The “big four” airlines never called Buffett before they accepted government bailouts, and “the phone is not ringing off the hook,” Munger told The Journal last week.
The slump in demand for Buffett’s services isn’t surprising, Bloomstran said.
“If Buffett’s going to provide capital, he’s going do it on Berkshire’s terms, which is costly,” he explained. “Why would an airline go to Berkshire Hathaway when they’ve lobbied the government to give them the money for free?”
Berkshire Hathaway’s share buybacks
Warren Buffett’s Berkshire Hathaway may have spent billions on share buybacks and other stocks during the market meltdown, hedge fund chief Bill Ackman said on the The Knowledge Project podcast.
“I’m surprised they haven’t done anything yet that’s visible, but my guess is they’ve been buying stocks a lot,” the Pershing Square Capital pointed out. “The big opportunity for Berkshire is Berkshire itself,” Ackman added, given it was a “cheap stock” before the downturn and is now a “real bargain” at less than $190 for a Class B share.
Buffett has repeatedly underscored the value of share buybacks over the years, arguing they benefit shareholders and sellers, are less risky than acquisitions and more efficient than dividends, and can signal that executives prioritize their shareholders’ interests.
“I hope that he’s purchased a lot of his own shares and I hope he’s deployed capital in other companies as well,” Ackman said on the podcast.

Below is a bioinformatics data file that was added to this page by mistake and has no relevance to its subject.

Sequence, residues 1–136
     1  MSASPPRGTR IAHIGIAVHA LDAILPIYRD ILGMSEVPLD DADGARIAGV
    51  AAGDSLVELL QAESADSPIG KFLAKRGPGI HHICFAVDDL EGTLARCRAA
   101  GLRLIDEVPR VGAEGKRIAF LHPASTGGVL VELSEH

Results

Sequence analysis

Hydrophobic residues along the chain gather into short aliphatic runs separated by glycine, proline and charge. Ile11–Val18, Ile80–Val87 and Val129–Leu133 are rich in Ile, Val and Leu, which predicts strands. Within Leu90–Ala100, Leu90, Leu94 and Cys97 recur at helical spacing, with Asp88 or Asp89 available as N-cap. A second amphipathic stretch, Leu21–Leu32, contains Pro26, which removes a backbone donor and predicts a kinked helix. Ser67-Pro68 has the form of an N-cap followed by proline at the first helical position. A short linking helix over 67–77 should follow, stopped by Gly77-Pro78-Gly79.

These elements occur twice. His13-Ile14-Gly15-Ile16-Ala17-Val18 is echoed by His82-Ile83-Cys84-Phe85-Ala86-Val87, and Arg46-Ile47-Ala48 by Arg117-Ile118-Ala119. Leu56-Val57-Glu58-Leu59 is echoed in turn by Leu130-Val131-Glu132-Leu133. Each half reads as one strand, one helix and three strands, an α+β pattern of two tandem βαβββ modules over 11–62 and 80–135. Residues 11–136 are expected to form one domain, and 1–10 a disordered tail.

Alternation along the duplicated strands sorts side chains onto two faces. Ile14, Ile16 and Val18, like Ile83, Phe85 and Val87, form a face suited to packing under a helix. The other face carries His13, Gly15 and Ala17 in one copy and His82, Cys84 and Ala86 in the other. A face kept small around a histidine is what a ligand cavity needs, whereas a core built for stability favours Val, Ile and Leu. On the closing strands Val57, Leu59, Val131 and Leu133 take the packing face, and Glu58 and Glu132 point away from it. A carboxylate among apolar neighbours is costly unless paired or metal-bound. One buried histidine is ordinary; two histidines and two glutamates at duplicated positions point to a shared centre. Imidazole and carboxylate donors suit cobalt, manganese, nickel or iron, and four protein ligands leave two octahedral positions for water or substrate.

How are some of Berkshire’s portfolio companies doing?
See’s Candies, one of Buffett’s favorite companies, had to announce furloughs of staff in early April due to the coronavirus pandemic, Bloomberg reported. Now, the company is testing whether or not it is safe to open some of its shops, according to the report.
Justin Brands, a shoemaker, has shuttered outlets throughout Missouri, Bloomberg reported. The company also closed two separate production factories in the state and furloughed as many as 161 workers, local paper Springfield News-Leader reported in early April.
Railroad company BNSF is expecting a decline in rail traffic in the first quarter of the year, Bloomberg reported, citing data from the Association of American Railroads and Bloomberg Intelligence.
Manufacturing company Precision Castparts has also taken a hit, Bloomberg reported. The company in April said that it would temporarily halt operations in its Portland, Oregon, plant due to a reduction in customer orders.
A few of Berkshire Hathaway’s companies have benefited amid the pandemic, including one of the earliest in the portfolio, Geico insurance. As shelter-in-place guidelines have taken hold across the US, they’ve greatly reduced the number of drivers, and therefore accidents taking place, on the road, Bloomberg reported.
Lubrizol, a chemical company, has been able to adapt during the coronavirus pandemic and keep staff on board. Currently, it’s ramping up production of a chemical used in hand sanitizer, as well as prioritizing products used in medical manufacturing, according to Bloomberg. In addition, the company announced Monday that it is contributing to Nike’s efforts to provide full-face shields to frontline medical workers.